Benefit sanctions can cause severe hardship, say MPs
A group of MPs has condemned the way some benefit claimants have their payments stopped - known as sanctions.
For the second time in a year, the Work and Pensions Committee has called for an independent enquiry into the way the sanctions are applied.
In some cases the MPs suggested that sanctions were causing food poverty and "severe financial hardship".
Ministers said they would study the report's conclusions before deciding whether an enquiry should go ahead.
The MPs want the enquiry to study whether benefit sanctions are being applied appropriately, fairly and proportionately.
"No claimant should have their benefit payment reduced to zero when they are at risk of severe financial hardship, to the extent of not being able to feed themselves or their families, or pay their rent," said Dame Anne Begg, the chair of the committee.
The MPs were particularly concerned that hardship payments - to alleviate cases of hardship -are often only available after 15 days of sanctions.
"It is not reasonable to expect people to live without any source of income for two weeks," said Dame Anne.
The MPs have also demanded more information about the number of people who commit suicide after their benefit payments have been stopped.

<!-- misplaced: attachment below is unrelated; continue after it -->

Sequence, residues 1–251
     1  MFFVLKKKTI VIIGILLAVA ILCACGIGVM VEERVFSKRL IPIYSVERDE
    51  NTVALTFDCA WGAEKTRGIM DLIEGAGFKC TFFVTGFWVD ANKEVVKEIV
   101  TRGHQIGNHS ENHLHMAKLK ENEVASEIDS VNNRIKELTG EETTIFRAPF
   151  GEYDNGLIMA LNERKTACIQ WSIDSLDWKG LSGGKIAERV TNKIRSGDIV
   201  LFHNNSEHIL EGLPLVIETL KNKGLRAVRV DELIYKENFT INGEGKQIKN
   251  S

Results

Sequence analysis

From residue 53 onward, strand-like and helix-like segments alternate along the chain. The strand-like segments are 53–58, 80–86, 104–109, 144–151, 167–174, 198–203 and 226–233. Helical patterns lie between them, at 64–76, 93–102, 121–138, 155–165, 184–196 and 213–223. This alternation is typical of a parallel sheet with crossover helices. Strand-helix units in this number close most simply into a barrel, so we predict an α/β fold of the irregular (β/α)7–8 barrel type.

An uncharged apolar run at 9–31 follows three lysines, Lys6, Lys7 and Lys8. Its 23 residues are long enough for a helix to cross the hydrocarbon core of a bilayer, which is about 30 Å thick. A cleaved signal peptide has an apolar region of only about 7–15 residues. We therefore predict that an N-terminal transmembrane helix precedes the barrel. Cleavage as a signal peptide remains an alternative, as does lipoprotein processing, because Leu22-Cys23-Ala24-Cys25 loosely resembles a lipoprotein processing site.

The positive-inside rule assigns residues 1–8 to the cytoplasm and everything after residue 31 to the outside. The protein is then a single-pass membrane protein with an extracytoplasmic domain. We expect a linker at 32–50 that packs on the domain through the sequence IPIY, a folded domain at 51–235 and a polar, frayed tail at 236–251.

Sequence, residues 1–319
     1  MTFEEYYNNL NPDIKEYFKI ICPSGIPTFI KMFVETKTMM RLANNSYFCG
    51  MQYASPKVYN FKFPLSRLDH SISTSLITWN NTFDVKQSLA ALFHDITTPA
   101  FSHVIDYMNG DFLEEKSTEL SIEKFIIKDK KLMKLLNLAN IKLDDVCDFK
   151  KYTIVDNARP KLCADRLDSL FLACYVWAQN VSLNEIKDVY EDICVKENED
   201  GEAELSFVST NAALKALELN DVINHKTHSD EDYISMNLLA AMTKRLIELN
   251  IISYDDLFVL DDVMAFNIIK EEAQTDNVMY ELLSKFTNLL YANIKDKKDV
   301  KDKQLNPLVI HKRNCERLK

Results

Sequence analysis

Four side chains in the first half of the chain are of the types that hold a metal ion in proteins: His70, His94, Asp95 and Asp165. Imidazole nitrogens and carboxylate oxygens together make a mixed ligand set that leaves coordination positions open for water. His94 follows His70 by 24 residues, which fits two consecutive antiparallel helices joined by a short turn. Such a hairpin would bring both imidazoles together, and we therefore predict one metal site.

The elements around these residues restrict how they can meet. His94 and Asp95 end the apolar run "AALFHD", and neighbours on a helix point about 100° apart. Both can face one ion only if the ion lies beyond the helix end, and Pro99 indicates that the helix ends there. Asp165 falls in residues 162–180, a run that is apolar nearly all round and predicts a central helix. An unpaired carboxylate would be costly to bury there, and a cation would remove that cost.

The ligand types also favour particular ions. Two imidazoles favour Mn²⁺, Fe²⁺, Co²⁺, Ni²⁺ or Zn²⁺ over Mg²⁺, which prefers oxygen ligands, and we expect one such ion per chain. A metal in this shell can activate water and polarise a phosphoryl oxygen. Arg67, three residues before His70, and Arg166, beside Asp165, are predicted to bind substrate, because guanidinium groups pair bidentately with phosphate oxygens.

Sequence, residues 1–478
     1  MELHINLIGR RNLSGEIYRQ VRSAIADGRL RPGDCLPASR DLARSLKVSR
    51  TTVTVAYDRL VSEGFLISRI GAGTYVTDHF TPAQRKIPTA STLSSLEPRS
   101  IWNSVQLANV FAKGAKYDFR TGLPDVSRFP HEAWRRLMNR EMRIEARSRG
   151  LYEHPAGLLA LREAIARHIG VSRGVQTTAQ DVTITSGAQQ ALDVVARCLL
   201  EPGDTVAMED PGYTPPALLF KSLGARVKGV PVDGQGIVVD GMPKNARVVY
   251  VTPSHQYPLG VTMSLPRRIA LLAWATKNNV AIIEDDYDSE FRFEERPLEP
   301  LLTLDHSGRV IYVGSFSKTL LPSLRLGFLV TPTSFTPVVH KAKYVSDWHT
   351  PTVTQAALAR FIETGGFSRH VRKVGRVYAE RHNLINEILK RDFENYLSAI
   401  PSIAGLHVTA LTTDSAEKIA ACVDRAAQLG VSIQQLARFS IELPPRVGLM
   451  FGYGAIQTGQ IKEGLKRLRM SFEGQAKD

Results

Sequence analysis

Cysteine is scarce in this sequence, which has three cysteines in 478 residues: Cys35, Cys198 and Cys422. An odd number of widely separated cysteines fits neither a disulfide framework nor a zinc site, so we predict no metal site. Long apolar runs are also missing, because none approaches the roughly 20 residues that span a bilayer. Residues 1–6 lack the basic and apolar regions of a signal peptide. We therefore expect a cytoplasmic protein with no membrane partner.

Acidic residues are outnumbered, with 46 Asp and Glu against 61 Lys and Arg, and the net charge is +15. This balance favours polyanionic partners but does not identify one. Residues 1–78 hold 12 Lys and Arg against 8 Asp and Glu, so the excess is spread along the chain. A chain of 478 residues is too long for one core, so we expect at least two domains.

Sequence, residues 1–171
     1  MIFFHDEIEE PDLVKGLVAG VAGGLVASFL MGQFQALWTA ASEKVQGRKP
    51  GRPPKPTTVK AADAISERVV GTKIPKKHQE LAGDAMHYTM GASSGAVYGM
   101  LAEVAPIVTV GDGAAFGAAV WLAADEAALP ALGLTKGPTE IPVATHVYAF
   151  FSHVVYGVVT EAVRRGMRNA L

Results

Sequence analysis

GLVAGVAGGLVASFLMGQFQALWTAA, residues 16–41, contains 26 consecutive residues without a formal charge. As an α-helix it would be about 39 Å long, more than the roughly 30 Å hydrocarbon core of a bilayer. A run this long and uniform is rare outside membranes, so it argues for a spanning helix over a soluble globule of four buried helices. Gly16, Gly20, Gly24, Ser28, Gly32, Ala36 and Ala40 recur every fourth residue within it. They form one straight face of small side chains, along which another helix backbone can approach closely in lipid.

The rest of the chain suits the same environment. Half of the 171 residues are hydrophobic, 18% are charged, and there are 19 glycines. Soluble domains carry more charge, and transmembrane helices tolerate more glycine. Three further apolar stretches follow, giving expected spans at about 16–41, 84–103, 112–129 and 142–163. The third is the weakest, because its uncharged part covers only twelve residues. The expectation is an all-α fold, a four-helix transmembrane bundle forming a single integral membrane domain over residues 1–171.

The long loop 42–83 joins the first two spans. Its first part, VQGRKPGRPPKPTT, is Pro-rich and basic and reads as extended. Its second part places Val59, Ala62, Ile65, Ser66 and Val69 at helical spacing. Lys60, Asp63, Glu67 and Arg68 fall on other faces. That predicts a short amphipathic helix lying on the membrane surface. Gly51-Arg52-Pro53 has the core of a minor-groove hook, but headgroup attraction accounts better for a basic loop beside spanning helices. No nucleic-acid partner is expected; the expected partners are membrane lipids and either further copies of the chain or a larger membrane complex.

Since February 2012, the Department for Work and Pensions (DWP) has investigated 49 cases in which claimants committed suicide.
But it is not known in how many cases those claimants had been sanctioned.
The DWP said benefit sanctions were not new, and they were important to encourage people to find work.
"As the report recognises, sanctions are a vital backstop in the welfare system and are only used in a small minority of cases where claimants don't do all they can to look for work," a DWP spokesman said.
"Every day Jobcentre Plus advisers work hard to help people into jobs, and we continue to spend around £94bn a year on working age benefits to provide a safety net that supports millions of people," she said.
More than six million people have had their benefits stopped since April 2000, although the government says the number fell last year.
Those claiming Jobseeker's Allowance (JSA) and Employment Support Allowance (ESA) can have their payments stopped for up to four weeks for a first offence - such as not being available for work.
Earlier this month a report by the homeless charity Crisis found there was a "postcode lottery" in the way that sanctions were applied across the UK.